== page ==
Sales improved for a while but plummeted again in 2000 when many consumers decided Bauer's new look was bland and too casual to wear to the office.

Mansson acknowledges that his success will be determined by how Bauer executes the strategy this time around.

If Mansson succeeds - no easy task - his next challenge will be getting Bauer back on consumers' minds.

"Becoming relevant to consumers is the biggest challenge," Stern, the analyst, said. "They have already found other places to get casual clothing, and they're not checking every six months to see if Eddie Bauer has fixed it yet."

The turnaround task is tougher now because many shoppers have cut back on their clothing budgets since last September, preferring to spend money on their homes.

Sales at Bauer's main competitor, Gap Inc., also have been falling by double digits, prompting the departure of longtime Chief Executive Officer Millard S. "Mickey" Drexler. Other popular chains such as Abercrombie & Fitch have struggled, too.

Still, Gap's problems give Bauer a chance to regain market share, retail experts say. And before Mansson's appointment, Bauer executives were hard at work on new, more interesting merchandise. Hitting the stores this month will be garments crafted from a new washable suede fabric that Bauer calls "Seattle Suede." Mansson said it's a good example of the rugged appeal he wants to see more of in Bauer's assortment.

Good resume

In addition to a clean slate, Mansson has a good resume going for him. He spent 1998 to 2000 as chief executive of Hennes & Mauritz, the fast-growing Swedish retail chain, known for the latest fashion at affordable prices.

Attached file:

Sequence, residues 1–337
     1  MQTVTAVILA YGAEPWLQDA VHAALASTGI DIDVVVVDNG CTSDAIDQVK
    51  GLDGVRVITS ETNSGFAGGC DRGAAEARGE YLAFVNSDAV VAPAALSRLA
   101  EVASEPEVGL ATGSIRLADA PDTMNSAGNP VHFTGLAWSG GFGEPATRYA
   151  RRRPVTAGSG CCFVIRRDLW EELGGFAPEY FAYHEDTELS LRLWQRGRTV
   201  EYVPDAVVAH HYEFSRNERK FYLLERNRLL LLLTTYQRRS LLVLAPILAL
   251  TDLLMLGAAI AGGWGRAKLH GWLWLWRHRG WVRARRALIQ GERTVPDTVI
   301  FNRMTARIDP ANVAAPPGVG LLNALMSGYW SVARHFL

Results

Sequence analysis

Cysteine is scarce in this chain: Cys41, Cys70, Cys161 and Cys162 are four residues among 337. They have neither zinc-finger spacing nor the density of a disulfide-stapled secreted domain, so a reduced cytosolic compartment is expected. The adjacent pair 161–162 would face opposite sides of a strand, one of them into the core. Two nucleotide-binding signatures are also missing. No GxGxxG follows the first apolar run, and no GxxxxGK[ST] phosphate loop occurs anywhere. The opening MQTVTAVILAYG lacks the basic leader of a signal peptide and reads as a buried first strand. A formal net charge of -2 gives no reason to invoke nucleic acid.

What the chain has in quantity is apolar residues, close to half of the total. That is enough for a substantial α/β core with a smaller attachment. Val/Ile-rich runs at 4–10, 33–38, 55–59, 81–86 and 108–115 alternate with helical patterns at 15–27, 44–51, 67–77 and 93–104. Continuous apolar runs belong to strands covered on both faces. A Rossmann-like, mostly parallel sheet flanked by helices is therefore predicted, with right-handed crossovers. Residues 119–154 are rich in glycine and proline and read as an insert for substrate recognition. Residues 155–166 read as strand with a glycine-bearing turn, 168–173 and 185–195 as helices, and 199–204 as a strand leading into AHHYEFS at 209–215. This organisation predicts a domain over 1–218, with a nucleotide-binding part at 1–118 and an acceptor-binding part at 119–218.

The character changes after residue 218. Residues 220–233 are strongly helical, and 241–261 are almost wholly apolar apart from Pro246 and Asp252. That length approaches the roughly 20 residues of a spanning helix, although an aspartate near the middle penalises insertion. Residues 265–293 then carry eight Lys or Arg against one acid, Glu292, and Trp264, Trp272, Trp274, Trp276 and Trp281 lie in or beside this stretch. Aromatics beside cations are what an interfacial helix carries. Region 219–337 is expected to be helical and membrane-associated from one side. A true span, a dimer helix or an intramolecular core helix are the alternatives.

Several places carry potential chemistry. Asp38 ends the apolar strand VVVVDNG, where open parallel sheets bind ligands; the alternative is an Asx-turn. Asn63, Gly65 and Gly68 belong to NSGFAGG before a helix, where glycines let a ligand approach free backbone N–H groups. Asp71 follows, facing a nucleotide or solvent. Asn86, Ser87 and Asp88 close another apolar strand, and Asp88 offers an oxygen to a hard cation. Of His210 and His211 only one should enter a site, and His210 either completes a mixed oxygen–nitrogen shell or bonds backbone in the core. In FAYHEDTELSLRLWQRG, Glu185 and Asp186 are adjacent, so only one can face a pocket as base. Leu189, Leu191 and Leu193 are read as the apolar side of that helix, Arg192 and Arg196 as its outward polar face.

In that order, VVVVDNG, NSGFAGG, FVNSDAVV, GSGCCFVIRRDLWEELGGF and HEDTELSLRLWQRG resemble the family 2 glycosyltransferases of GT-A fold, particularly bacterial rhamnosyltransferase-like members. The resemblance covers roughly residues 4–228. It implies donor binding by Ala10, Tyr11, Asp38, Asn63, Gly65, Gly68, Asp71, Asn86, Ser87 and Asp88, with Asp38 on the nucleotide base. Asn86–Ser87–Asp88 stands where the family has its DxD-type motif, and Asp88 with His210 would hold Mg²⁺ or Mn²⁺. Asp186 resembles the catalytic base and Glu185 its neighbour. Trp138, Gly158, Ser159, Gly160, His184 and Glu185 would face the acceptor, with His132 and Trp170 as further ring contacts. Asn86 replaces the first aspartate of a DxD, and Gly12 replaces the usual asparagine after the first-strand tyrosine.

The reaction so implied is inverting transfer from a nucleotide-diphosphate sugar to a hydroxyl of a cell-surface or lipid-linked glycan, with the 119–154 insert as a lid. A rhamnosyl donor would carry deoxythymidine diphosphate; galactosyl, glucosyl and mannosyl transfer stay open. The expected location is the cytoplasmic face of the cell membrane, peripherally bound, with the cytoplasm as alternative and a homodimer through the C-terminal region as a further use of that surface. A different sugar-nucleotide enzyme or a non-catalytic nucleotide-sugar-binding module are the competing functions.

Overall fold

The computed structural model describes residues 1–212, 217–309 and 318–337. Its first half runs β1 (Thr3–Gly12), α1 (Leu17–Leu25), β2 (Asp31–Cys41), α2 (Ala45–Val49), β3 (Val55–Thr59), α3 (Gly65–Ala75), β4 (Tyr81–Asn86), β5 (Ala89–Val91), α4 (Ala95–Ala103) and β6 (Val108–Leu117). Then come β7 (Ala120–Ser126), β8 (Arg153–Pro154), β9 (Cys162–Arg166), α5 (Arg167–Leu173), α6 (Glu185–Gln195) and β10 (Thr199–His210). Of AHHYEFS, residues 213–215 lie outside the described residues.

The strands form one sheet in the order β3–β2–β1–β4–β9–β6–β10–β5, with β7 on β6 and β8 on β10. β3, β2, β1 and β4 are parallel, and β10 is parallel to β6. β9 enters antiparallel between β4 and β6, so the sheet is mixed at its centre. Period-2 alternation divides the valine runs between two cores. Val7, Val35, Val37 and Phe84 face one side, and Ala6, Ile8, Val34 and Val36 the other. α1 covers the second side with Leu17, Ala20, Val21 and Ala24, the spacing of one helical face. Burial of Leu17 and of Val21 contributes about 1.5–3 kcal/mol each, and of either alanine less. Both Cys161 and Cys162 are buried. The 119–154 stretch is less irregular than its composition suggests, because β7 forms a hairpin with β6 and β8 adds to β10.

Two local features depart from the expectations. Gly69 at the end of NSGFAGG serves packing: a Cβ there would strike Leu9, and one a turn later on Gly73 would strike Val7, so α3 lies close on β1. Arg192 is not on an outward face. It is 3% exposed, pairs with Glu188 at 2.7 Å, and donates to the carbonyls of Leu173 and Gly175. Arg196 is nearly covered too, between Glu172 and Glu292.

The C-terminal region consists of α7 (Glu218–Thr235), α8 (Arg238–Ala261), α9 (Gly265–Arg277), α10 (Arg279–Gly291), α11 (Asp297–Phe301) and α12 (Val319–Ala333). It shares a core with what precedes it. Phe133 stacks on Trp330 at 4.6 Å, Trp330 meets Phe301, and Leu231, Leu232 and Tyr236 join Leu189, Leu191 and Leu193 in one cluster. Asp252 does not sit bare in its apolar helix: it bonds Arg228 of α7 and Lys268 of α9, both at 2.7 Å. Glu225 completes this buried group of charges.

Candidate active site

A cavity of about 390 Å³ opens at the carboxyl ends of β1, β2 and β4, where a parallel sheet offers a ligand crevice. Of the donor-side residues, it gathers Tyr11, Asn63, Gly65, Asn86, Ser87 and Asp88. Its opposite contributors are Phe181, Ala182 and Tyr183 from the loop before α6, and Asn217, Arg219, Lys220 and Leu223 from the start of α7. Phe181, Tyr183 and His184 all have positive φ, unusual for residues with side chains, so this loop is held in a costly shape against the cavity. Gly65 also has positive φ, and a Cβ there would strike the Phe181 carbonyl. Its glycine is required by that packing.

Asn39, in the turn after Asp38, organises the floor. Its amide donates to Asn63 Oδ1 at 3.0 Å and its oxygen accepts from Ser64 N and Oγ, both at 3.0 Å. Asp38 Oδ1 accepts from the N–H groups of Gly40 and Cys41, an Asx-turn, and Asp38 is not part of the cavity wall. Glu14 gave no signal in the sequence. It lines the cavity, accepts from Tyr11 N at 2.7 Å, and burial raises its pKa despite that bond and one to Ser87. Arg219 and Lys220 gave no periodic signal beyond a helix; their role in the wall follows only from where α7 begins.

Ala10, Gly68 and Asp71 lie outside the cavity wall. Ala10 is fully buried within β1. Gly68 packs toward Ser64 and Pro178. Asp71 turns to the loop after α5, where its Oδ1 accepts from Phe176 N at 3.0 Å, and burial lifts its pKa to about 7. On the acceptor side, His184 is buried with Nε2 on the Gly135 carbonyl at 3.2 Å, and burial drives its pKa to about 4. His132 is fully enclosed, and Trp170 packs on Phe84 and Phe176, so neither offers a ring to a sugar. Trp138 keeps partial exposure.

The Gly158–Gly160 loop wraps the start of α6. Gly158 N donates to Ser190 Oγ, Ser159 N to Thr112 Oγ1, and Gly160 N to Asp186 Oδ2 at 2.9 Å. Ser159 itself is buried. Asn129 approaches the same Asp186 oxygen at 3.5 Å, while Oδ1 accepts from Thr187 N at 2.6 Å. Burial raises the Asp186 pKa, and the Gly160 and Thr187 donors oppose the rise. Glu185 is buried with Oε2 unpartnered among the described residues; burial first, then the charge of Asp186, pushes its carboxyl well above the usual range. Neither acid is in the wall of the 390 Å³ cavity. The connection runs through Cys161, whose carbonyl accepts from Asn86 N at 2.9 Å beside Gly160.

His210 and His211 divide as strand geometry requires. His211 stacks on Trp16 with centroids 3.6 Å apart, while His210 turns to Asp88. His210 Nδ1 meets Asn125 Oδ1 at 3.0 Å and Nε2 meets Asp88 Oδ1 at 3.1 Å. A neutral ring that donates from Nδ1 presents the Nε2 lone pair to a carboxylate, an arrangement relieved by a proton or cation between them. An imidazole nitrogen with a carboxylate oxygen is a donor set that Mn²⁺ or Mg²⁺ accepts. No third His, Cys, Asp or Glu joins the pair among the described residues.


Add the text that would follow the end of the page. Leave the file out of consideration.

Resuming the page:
H&M, which opened a U.S. flagship store on New York's Fifth Avenue in 2000, is renowned in the retail business for its "short cycle time," which means getting its trendy looks to stores fast. Its "disposable fashion" plays well with the sought-after 18-to 35-year-olds.

Those strengths don't necessarily translate to Bauer, which targets an older group and is known for high-quality, not-so-trendy khakis and knit tops.

"They don't have the authority to be trendy. That's not what their brand stands for," said Cynthia Cohen, president of Strategic Mindshare, a retail consulting firm based in Miami. "That would be a huge repositioning."

Mansson said he has no intention of trying to turn Eddie Bauer into H&M but that he thinks his former company's intense focus on consumers is something Bauer's insular culture could benefit from.

"You have to be out there, out there where people are," Mansson said. "You do it by walking around in the mall, looking at what competitors are doing, looking at what people are wearing. It's a common-sense approach. Keep it simple."

Susan Chandler is a reporter for the Chicago Tribune, a Tribune Publishing newspaper.

Baltimore Sun Articles
Please note the green-lined linked article text has been applied commercially without any involvement from our newsroom editors, reporters or any other editorial staff.